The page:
Scarce Funds Flow to Charters, Squeezing Traditional Public Schools

Public school districts are projected to lose more than $303 million to Commonwealth charter schools in the 2011-2012 school year (minus some short-term reimbursement), an increase of more than 9% over last year, and the first time in the 15-year history of this privatization initiative that costs have topped $300 million, according to figures recently released by the Department of Elementary and Secondary Education.

The dramatic increase is due in large measure to a state law enacted in January, the so-called Act Relative to the Achievement Gap, that allows Commonwealth charter schools to take up to 12% of a public school district’s budget, up from the previous cap of 9%, in districts with low MCAS scores. That 12% figure will rise to 18% by 2017. The law also allows for the first time networks or chains of charter schools, the initial step in creating privatized school systems.

Charter students represent less than 2.7% of public school enrollment but are receiving more than 7% of total state education aid.

Local taxpayers have no say over charter school costs, which are deducted from a public school district’s Chapter 70 state education aid, based on the number of students attending charter schools.

The dramatic increase in charter costs compounds the financial hardship for public school districts reeling from a 4% cut in state education aid because of declining state tax revenue. While public schools are forced to cut, charter schools continue to expand.

The Boston Public Schools are the most heavily impacted in the state. The BPS will see more than $64 million diverted to privately run Commonwealth charter schools this year, forcing the city to eliminate programs, close schools, and cut teaching and support positions. Deeper cuts are likely as the city’s charter costs rise. Boston is expected to lose as much as $130 million per year by 2017, under the legislation approved in January that will allow Commonwealth charter schools to take up to 18% of a public school district’s budget, in cities where MCAS scores fall in the lowest 10% statewide.

Given the link between poverty and MCAS scores, the financial losses will be most keenly felt in the state’s poorest school districts, including Worcester and Springfield, each projected to lose $21.2 million this year to charter schools, Lawrence, projected to lose $10.5 million, Lowell, $10.2 million, and Holyoke, $6.9 million.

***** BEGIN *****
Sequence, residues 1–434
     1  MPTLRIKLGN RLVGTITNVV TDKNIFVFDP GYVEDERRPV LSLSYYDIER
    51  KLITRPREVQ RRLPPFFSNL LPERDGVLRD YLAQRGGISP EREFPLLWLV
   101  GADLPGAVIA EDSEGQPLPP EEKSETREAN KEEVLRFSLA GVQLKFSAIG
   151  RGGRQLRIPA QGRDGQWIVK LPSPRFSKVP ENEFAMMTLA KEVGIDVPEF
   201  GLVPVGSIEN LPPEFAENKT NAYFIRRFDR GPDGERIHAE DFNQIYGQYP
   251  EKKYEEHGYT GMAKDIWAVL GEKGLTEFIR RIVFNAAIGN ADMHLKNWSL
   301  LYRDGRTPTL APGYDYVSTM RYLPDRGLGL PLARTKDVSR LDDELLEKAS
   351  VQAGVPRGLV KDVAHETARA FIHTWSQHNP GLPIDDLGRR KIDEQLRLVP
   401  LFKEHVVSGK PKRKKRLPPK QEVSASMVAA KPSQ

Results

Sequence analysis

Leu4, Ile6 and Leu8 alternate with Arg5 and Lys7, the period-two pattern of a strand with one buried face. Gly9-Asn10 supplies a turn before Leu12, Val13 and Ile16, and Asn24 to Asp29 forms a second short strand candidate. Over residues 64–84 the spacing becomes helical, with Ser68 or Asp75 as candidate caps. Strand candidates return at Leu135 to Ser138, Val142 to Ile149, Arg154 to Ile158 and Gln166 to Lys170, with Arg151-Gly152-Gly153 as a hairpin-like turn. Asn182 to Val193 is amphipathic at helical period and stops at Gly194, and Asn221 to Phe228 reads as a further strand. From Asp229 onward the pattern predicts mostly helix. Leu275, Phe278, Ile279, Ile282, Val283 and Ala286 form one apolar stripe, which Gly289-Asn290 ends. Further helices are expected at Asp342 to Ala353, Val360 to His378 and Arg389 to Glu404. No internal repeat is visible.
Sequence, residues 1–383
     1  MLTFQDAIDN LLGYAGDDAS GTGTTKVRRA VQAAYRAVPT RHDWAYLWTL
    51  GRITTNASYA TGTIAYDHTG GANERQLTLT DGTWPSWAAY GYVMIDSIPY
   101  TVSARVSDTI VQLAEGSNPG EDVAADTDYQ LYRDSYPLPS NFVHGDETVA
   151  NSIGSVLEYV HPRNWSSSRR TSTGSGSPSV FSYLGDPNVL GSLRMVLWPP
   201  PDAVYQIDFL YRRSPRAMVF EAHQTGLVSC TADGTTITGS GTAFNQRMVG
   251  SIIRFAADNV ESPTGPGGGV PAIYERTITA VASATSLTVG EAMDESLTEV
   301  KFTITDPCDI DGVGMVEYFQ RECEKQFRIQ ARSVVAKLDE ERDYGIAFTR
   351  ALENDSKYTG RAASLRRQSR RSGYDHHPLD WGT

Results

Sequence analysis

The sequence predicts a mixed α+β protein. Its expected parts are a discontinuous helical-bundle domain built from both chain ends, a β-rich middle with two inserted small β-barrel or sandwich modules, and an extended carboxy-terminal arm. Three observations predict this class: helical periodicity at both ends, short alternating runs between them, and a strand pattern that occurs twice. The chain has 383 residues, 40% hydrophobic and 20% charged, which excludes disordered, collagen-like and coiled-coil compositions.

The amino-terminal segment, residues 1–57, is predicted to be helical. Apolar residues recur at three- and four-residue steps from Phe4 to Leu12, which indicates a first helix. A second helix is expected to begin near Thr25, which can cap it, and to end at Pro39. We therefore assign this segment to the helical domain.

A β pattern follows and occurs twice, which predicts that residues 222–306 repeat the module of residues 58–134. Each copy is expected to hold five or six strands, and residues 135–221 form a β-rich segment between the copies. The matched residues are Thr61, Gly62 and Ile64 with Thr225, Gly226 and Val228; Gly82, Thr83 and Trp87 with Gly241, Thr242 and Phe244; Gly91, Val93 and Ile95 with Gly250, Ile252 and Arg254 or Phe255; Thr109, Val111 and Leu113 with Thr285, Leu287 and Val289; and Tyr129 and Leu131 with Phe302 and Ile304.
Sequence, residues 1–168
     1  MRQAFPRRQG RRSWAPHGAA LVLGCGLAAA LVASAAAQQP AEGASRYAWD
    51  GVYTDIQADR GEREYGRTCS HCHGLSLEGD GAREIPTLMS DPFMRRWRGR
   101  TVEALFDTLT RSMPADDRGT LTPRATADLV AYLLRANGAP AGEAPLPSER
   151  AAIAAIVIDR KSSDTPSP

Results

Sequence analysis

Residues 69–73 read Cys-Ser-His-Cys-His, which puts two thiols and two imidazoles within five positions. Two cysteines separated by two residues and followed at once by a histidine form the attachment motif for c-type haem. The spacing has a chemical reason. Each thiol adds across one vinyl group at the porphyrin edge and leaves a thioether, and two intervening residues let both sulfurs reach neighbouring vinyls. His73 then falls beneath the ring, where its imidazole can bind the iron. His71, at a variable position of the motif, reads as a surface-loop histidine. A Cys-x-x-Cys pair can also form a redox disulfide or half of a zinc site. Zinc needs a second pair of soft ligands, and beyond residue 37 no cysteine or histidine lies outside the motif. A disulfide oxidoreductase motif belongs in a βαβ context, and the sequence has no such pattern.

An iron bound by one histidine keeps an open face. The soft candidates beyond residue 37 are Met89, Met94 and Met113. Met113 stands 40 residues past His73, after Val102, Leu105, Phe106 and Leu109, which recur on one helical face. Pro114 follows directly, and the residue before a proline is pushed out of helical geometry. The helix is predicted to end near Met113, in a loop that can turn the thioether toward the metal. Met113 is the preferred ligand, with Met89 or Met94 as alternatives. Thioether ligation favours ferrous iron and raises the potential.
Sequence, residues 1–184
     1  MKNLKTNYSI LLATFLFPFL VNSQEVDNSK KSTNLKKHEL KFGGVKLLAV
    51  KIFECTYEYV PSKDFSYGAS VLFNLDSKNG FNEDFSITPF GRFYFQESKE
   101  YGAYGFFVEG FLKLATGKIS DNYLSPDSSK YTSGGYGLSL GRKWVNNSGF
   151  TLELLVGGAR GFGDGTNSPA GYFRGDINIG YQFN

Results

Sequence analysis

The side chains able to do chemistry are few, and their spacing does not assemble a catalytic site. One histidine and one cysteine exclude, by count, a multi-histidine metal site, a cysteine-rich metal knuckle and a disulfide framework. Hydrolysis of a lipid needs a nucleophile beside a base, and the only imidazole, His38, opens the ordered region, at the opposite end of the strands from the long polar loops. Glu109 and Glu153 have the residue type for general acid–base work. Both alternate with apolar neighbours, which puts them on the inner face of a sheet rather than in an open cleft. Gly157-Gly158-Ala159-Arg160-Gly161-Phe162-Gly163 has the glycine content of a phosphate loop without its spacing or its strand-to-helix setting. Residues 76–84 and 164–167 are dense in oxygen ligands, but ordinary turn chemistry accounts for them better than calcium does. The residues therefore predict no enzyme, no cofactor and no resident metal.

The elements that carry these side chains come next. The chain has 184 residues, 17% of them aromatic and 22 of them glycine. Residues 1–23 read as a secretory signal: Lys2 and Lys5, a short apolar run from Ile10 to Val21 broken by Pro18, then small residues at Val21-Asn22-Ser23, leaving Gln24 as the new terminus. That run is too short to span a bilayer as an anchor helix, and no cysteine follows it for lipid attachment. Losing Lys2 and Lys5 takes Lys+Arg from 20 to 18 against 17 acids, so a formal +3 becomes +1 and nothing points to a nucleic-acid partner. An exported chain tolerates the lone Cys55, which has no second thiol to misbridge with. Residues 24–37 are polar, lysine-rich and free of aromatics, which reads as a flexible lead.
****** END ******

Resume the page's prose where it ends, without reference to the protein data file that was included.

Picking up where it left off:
In some cases, charter schools are absorbing nearly all of a district’s state education aid, leaving public schools entirely dependent on local property taxes, capped each year at a 2.5% increase, and undermining the equalizing intent of the Education Reform Act of 1993. In the next fiscal year, Cambridge, which will face charter school costs of more than $10.4 million, is projected to lose all of its state school aid and a portion of its municipal state aid to charters as well. This is because city’s charter costs will likely exceed its Chapter 70 allocation and, in that case, state law allows charter tuition to be diverted from state aid supporting other municipal services.

Meanwhile, compared to high-poverty districts, few, if any, Commonwealth charter schools enroll the same percentage of children from low-income families, children with special needs, or children learning English as a second language – the very students who struggle most with standardized MCAS tests. Contrary to the claims of the powerful charter school lobby, the charter initiative has left public schools with a higher and higher percentage of challenging students and fewer resources to offer them.
–CPS Editorial Staff

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